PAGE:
________
______

Disposable carbide tools should be used whenever possible for turning and boring since they increase production rates. Where high speed steel tools must be used, such as on drilling, super-grades like T-15 are recommended. Overhang should be kept to a minimum in all cases to avoid deflection and reduce the tendency for titanium to smear on the tool flank.

Drilling

High speed drills are satisfactory for the lower hardness commercially pure grades but super-high-speed steels or carbide should be used for the harder alloy grades. Sharp, clean drills just long enough for the hole being drilled and of sufficient length to allow a free flow of chips should be used. A dull drill impedes the flow of chips along the flutes and is indicated by feathered or discolored chips.

Milling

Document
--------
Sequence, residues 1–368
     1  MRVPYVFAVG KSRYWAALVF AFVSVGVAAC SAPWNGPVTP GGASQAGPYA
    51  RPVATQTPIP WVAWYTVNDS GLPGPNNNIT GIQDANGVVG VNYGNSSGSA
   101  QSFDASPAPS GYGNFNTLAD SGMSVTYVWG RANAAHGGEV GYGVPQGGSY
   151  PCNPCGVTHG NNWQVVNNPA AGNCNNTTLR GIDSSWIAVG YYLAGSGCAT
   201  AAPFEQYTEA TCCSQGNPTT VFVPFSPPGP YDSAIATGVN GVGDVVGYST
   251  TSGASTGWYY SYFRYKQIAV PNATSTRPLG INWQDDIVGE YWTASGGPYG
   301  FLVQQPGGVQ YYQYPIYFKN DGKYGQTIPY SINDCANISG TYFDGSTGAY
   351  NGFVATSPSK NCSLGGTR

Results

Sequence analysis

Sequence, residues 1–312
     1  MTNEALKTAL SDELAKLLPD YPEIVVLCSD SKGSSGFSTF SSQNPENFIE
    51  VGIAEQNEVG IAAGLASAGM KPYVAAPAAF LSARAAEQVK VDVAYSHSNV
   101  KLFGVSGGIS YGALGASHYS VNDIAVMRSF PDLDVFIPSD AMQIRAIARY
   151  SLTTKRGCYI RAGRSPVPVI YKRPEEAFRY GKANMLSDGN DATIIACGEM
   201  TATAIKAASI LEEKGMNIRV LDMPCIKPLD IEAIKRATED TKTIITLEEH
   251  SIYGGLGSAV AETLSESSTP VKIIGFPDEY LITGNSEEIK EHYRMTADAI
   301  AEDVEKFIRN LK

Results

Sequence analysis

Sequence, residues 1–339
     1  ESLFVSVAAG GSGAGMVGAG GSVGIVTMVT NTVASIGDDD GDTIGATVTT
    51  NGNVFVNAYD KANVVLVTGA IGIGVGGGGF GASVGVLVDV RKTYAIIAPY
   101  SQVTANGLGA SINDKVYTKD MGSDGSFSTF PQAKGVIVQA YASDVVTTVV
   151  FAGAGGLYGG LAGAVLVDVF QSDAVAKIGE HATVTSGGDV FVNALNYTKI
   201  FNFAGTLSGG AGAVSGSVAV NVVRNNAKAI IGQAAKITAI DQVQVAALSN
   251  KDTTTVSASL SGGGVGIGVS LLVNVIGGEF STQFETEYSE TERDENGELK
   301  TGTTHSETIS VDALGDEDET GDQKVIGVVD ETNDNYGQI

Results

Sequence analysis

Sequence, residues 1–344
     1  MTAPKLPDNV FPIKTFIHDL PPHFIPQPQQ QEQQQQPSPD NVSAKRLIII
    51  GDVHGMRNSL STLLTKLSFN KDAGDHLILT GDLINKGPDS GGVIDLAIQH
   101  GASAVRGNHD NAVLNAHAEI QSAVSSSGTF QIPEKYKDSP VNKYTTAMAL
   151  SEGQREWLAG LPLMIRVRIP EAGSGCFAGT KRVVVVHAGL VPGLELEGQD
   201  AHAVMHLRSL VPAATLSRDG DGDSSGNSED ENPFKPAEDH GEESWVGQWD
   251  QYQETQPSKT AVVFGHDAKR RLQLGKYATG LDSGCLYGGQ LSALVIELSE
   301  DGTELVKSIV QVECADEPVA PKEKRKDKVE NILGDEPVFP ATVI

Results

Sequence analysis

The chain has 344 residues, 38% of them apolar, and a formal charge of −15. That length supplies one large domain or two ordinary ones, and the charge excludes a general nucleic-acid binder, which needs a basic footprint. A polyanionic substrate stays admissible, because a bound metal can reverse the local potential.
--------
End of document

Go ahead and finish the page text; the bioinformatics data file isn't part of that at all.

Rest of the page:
When facing, 'climb milling' should be used to lengthen the life of face milling cutters. 'Climb milling' produces a thin chip as the cutter teeth leave the work reducing the tendency of the chip to weld to the cutting edge. Relief or clearance angles for face milling cutters should be greater than those used for steel. Sharp tools must be used.
End milling of titanium is best performed using short length cutters. Cutters should have sufficient flute space to prevent chip clogging and for cutters up to 25mm (1in) wish diameter there should be no more than three flutes.

Chemical milling

Very precise intricate milling of titanium can be effected by using controlled selective acid attack of the surface. The titanium component is placed in a solution of 12-20% nitric acid and 4-5% hydrofluoric acid with a wetting agent. Solution temperature is maintained between 30-40—C (86-105—F). At 36—C (96—F) metal is removed at a rate of 0.02 mm/min (0.8 thou/min). Areas which do not require material removal are masked with either a neoprene elastomer or
isobutylene-isoprene co-polymer.

Reaming